Difference between gauge pressure and absolute pressure measurement

Again and again, we are asked the question concerning the difference between an absolute pressure measurement and a gauge pressure measurement. To answer this question it helps to look at the definition of gauge pressure and absolute pressure. The difference between the two measurements is then explained relatively simply and therefore also the choice of the appropriate measurement.
Definition of absolute pressure
Absolute pressure is a pressure that is relative to the zero pressure in the empty, air-free space of the universe. This reference pressure may be the ideal or absolute vacuum. It really is denoted with the subscript ?abs?: Pabs.
Definition of gauge pressure
The gauge pressure means the difference between an absolute pressure (Pabs) and the prevailing atmospheric pressure (Pamb). Unparalleled is denoted with the subscript ?e?: Ethical and is calculated the following: Pe = Pabs ? Pamb.
Absolute vs gauge pressure measurement
The difference between your two measurements is relatively easily clarified: in a gauge pressure measurement, it will always be the difference from the existing ambient pressure that’s measured. However, this pressure changes with the weather and the height above sea level. An absolute pressure measurement measures the difference from the perfect or absolute vacuum. That is why this measurement is independent of environmental influences such as weather or altitude. Which measurement is currently the right one?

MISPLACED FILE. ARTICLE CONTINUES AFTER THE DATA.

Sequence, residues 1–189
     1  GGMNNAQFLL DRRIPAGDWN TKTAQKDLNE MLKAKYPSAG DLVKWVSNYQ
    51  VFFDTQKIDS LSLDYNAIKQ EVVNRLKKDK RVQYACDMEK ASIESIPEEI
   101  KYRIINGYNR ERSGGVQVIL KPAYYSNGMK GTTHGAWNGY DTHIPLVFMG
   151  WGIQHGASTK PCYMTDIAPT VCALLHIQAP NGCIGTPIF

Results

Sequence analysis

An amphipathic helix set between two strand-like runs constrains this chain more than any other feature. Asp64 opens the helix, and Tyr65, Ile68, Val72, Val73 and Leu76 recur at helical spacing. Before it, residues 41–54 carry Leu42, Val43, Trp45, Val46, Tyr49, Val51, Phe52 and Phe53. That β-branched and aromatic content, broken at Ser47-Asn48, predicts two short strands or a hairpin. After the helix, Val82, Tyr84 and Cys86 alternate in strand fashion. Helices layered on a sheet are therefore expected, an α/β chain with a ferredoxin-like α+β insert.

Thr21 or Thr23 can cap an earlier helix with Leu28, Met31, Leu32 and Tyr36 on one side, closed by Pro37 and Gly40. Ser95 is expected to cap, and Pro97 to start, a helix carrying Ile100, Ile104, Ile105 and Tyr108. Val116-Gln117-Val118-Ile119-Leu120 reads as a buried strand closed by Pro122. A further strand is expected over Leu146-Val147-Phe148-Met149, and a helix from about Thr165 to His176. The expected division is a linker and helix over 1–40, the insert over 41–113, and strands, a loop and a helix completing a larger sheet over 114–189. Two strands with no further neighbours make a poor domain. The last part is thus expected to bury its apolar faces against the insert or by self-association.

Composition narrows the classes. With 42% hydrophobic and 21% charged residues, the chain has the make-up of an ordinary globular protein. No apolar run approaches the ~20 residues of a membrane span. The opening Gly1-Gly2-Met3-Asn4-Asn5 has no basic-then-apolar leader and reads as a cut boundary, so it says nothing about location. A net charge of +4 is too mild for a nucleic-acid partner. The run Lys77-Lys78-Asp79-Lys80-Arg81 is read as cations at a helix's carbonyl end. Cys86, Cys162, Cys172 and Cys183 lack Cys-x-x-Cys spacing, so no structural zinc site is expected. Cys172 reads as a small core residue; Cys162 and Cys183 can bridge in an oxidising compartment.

In practice, both measurements can be differentiated as follows: normally, the measuring task is to determine the gauge pressure. This is exactly why this sort of sensor is most widely used. However, in case a gauge pressure sensor can be used in an application where the actual measuring task is to gauge the absolute pressure, the following additional errors should be expected:
+/- 30 mbar caused by changes in weather
around 200 mbar when changing the positioning (e.g. from sea level to 2,000 m)
Depending on measuring range, these errors can be substantial (e.g. in pneumatics at a measuring selection of 1 bar) or negligible (in hydraulics at 400 bar).
Note
When you are uncertain whether your measuring task needs a complete pressure or gauge pressure measurement, simply e mail us ? we?ll be Faith to assist you.

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